Burnout - How to Prevent & Treat It
Burnout is a term that’s been more widely used in recent years, and HR and Wellbeing leaders have become much more adept at understanding the symptoms and impacts of it within their teams. In particular, with dramatic changes to ways of working and the collision of work and home lives since early 2020, preventing and treating burnout have been firmly established as priorities in the agendas of progressive workplaces. Of course, this is very much in the interest of organisations as HBR believe burnout might be costing the US economy alone more than $500 billion annually.
Burnout was originally seen as an illness related to depression. It wasn’t until 2013 that the WHO classified it as an ‘Occupational Phenomenon’ rather than a medical condition saying “Burnout is a syndrome conceptualised as resulting from chronic workplace stress that has not been successfully managed”. The definition points towards different paths to preventing and treating it. Before trying to diagnose or cure yourself or team members , it’s important to understand the symptoms and underlying burnout mechanisms to successfully combat them.
The most common manifestations of burnout often include exhibiting the below symptoms in a greater intensity than previously encountered.
Feeling exhausted and depleted of energy
Having trouble sleeping
Quickness to anger and closed thinking
Decrease in work performance levels
Feelings of helplessness
These symptoms can develop over a period of time without the person noticing. Sometimes just being aware of the biggest risks of burnout can often be enough to help someone prevent burnout from escalating.
Many frameworks and tests have been created to try and assess burnout. Researchers have mostly aligned around the Maslach Burnout Inventory (MBI) being seen as the gold standard. Christina Maslach, the inventor of MBI also stressed the role of the workplace conditions as a fundamental cause of work-related burnout, which is often overlooked. These may include over-demanding workload, the way employees are treated and value conflicts, to name few. Recently, the Burnout Assessment Test (BAT) was built on the foundation of MBI and is thought to address some issues of MBI, in particular with a stronger focus on knowledge economy workers.
The BAT involves a person answering a few questions across 5 key areas. Vitrue Health’s burnout assessment aligns with these and some of the recommendations we share with people are below.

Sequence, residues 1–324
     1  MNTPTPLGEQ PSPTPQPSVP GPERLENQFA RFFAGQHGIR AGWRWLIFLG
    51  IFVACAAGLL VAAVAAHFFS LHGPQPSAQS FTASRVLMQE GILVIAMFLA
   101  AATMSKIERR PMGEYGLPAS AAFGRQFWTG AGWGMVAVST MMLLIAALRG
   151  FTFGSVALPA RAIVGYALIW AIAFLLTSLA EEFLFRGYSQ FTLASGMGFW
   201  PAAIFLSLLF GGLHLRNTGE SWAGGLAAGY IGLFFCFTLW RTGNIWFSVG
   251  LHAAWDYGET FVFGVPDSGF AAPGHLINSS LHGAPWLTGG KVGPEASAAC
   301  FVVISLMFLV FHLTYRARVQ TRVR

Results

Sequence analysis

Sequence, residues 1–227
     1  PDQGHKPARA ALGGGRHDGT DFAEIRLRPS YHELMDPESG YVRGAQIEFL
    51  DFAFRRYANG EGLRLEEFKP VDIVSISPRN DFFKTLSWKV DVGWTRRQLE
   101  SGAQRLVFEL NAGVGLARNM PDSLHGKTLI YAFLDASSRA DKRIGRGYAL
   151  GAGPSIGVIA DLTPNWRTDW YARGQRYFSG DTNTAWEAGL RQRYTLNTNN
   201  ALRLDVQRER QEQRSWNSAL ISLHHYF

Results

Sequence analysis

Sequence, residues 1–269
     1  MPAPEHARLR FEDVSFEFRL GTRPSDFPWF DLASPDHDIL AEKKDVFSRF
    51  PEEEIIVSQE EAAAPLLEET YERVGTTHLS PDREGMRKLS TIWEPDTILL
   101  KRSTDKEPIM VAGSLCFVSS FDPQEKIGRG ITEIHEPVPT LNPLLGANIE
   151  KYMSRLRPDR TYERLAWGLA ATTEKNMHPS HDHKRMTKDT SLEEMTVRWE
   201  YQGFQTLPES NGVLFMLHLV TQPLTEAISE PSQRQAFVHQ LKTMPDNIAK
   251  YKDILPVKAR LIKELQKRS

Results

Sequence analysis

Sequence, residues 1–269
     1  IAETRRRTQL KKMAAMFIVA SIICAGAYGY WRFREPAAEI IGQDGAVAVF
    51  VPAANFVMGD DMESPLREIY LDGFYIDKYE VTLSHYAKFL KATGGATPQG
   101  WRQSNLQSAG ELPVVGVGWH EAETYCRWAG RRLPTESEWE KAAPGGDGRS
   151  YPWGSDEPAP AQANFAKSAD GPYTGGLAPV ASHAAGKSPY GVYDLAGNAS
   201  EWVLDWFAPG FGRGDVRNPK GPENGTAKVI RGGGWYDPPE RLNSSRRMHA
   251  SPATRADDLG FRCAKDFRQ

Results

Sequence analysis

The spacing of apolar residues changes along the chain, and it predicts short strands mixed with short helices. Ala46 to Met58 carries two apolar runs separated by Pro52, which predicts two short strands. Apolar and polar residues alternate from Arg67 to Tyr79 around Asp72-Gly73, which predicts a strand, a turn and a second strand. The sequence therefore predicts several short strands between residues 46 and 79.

Exhaustion - Is the person constantly tired and feeling overworked? Reduce this with techniques to enhance the quality of sleep and communications of workload expectations.
Mental Distance - When there is a psychological distancing from your job and colleagues. It is a result of depleted mental energy to deal with everyday stresses and an unwillingness to engage with others, reply to emails etc. This can be reduced by sharing thoughts about difficult things/moments shortly after they happen.
Cognitive Impairment - Can be characterised by memory issues, inability to think clearly or engage in problem solving. This can be reduced with relaxation techniques.
Emotional Impairment - Exhibited when losing control of emotions more easily. This can be combated by taking more breaks and techniques for emotional balance.
Secondary symptoms - Includes other symptoms that can manifest as physical pain or anxiety and nervousness. A healthier and more mindful lifestyle can help unless a medical professional should be engaged.
So what should you do now?
Employers already recognise that we’re living in exceptional times. Many leading organisations are providing their teams with better resources and access to services. Vitrue Health’s burnout assessment tool was designed in collaboration with mental health and wellbeing professionals, manifestation of pain and physical and environmental wellbeing. Leading organisations know that investments like these pay off with dividends as productivity increases while factors driving employee turnover decrease.
Besides services that allow employees to reflect on their own burnout and empower them to prevent and treat it, doubling down on employee engagement efforts are key. Get to know your teams better. Get your team to write ‘User Manuals’ for themselves to share and communicate how they work best. What do they love to do? How can you support them to do more of this and embed that into their career development (if even just a little)? Where are their weaknesses? Support them to get better rather than just point them out. Encourage them to set clear divides between work and home lives with fake commutes, break etiquette between calls and, if possible, not working from places like bedrooms. These are all best practice employee engagement techniques but it’s never been more important to focus efforts on people.
For individuals, the best thing anyone can do to reduce risks and impacts of burnout is to ask ourselves questions related to burnout and self-reflect on the factors that might be affecting us. If an assessment such as Vitrue Health’s indicates some risks that you’re feeling burnout now, it’s important to remember that it won’t go away after a few good nights’ sleep. It’ll take a while to reduce the sensation and symptoms. Focus on adopting a small number of new behaviours from assessment recommendations. After a while maybe try to add a few more. Reflect on progress and do an assessment again to validate your efforts for an encouraging self-pat on the back.
Remember, your health is the most important and valuable thing you own. Make sure you treat it that way and invest the time into it that it deserves.
To test Vitrue Health's Burnout Assessments for free, click here .